Thursday, June 23, 2011

Tsienneto- One of the Wee Folk?

On 12 April 1719, the Reverend James MacGregor gathered his newly arrived flock of Ulster Presbyterians under a large oak tree at the east end of Lake Tsienneto, now called Beaver Lake in Derry, New Hampshire. This was the first act of the new settlement, called Nutfield at first because of the oak tree. It was also the first sermon heard and the beginnings of the First Parish Church, which still stands in Derry today.

From the 1930s to the 1950s, my mother’s uncle, Arthur Russell Hitchings, owned a large summer farmhouse on the north side of Beaver Lake, on the corner of North Shore Road and Chester Road (Route 102). The farm house still stands. Her uncle used to ride the “Milk Train” from Derry to Chelsea, where he was the CEO for Forbes Publishing Company. This was the train that carried Hood’s milk from Derry to the bottling plant near Boston. My mother remembers swimming in the lake, across the street from the summer house, but after her uncle retired he removed to a house in Mont Vernon, New Hampshire.

It is unknown what the word Tsienneto means in English. According to urban myth, Tsienneto was one of the local Indian spirits of the lake. Others say it was a word from Northern Ireland for one of the fairy folk. Both meanings are similar enough to have some basis in a fact which has long been lost to time… Although the lake is now commonly called Beaver Lake, there is still a Tsienneto Road nearby.  I found two poems about Tsienneto at the Google Books Search…. Both poems have imagery of canoes and Native Americans.

Poems by Ralph Henry Shaw, Lowell: Press of the Morning Mail Company, 1885, pages 23 and 24.


Sweet water glade!
I come once more to gaze on thee,
And in the maple’s branching shade,
To listen to the wild-bird’s glee
That, in each little, margent wood,
Befits the heart’s ease of my mood.

Here in thine edges hyaline
I see the leafy maples green
Inverted, till I seem to be
Now gazing on the spirit realm;
As when but sleep is at the helm
Our craft of though, all silently
Glides into realms of fantasy.

I see the belt of sunshine gleam
Like silver, midway on the thy wave;
And in my fancy’s idle dream,
The glancing paddles in thee lave,
Still dipped by them who knew of yore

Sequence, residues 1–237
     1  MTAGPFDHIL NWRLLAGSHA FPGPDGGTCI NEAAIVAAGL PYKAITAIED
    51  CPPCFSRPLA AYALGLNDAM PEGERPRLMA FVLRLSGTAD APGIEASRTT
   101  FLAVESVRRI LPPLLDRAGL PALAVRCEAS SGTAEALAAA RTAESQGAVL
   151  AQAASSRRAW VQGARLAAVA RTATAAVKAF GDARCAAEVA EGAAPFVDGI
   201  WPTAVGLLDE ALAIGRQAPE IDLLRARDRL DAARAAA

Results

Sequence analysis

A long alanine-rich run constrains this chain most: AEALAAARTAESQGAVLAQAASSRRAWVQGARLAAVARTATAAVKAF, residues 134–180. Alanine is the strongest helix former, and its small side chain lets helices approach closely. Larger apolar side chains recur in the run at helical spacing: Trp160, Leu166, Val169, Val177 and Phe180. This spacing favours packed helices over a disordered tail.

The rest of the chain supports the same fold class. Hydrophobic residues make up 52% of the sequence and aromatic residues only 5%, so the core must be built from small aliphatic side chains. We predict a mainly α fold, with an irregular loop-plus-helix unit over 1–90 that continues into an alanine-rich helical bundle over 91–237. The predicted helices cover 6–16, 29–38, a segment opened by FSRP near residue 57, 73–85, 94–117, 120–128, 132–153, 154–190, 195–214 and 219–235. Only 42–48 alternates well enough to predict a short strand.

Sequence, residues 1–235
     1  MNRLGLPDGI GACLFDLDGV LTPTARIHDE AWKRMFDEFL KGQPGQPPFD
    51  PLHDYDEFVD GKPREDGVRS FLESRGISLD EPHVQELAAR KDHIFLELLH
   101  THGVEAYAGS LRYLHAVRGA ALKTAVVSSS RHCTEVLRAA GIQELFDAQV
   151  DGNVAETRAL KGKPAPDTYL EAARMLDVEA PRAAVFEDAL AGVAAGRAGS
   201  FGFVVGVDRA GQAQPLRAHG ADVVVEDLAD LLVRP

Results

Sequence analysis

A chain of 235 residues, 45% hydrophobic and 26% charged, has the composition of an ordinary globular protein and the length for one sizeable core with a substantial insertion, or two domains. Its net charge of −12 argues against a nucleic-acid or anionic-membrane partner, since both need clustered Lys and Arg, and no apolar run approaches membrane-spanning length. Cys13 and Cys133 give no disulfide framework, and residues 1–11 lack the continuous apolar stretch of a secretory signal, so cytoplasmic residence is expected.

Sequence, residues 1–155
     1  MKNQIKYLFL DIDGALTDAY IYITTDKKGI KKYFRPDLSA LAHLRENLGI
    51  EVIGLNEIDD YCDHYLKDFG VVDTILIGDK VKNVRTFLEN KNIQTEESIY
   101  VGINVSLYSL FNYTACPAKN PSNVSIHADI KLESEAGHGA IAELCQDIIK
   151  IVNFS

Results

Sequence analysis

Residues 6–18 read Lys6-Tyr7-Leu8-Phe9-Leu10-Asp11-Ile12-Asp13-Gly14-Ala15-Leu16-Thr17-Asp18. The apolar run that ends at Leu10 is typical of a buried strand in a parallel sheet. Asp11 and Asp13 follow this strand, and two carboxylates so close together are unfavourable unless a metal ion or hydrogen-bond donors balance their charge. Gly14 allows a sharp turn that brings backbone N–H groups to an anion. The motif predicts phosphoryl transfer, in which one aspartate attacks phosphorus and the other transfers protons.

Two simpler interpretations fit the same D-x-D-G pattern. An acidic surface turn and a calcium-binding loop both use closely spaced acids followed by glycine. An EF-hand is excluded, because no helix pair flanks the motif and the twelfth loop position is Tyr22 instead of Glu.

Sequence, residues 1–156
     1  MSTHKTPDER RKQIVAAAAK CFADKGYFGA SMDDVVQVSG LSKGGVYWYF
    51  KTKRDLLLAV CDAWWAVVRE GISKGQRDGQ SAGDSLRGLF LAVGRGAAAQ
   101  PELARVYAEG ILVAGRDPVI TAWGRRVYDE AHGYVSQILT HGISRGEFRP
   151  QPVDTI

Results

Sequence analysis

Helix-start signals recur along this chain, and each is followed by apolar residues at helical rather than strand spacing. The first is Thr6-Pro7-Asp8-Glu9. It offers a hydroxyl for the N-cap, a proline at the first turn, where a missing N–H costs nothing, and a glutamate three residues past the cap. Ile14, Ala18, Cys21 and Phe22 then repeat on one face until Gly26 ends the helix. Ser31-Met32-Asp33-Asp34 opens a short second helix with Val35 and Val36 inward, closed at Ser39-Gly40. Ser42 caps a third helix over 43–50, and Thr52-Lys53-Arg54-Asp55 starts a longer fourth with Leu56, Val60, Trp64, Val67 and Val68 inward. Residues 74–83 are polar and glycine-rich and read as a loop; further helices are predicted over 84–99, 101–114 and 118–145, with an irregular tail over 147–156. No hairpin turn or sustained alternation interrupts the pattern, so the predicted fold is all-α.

They gentle wave and pebbly shore.

Their wigwam still is nestled here;
Their birch canoe is still on thee,
Tsienneto, like the birch’s shade;
For fancy makes our fancy clear;
For things unseen may sometimes be
So plainly in our mind’s eye made.

Found in Granite State Magazine, edited by George Waldo Browne, Volume 4, (July to December, 1907) pages 19 and 20.


By Henrietta W. R. Frost

Tsienneto (pronounced Shaw-ne-to), which word means “Sleeping in
Beauty”, in the Indian name applied to the beautiful sheet of water
Nestling in among the hills of Derry, N. H., and commonly called Beaver
Lake, whose outlet, Beaver River, flows into the Merrimack- Author

O calm, serene Tsienneto!
Asleep at break of day.
The birches bend still nearer
To hear the winds at play.

For nestled on thy bosom
Sweet Nature loves to rest,
And only those who bend to hear
Can learn the song in quest.

I fain would learn the story
The birds have sung so long.
O tell it me, I pray thee!
I’ll give it back in song.

I’ll don the spirit of repose
And lay me down and dream,
And watch the clouds float airily
Above this spot serene.

Where “Jenny Dickey’s” waters
Come tumbling o’er the hill,
The maiden-hair and columbine
Have flourished long at will.

The beech and birch and hemlock
Have shaed pool and fall,
And heaven’s cerulean blueness
Has tenderly crowned all.

Primeval forests long ago
Surrounded ev’ry shore,
And red men roamed the uncut way
And sailed these waters o’er.

This was the “happy hunting ground”
Where Wonnolancet brave,
And chief of all the Penacooks,
His hunting lessons gave.

And Hannah Dustin walked these shores
In days of dire distress;
When life meant action to the hearts
Who stood for faithfulness.

Methinks I hear the paddle’s sound,
And see beneath the trees
The war-time dance; the wigwam’s smoke
That came from such as these.

But ‘tis a dream. Tsienneto sleeps
In beauty undismayed.
The “pipe of peace” still burneth;
We need not be afraid.

The white man claims these borders
Where once the red man trod,
And bird and beast and tree and flower
Still live to worship God.

For more information:

Nutfield Rambles, by Richard Holmes, Peter E. Randall Publisher, Portsmouth, NH, 2007 page 12 says that Tsienneto was an Indian word for a local fairy or wood nymph.

Tsienneto: A Legend of Beaver Lake, by R. N. Richardson, 1907

A blog post about Tsienneto by Peter M. of the blog New England Folklore at


Heather Wilkinson Rojo, "Tsienneto- One of the Wee Folk?", Nutfield Genealogy, posted June 23, 2011, ( accessed [access date]).

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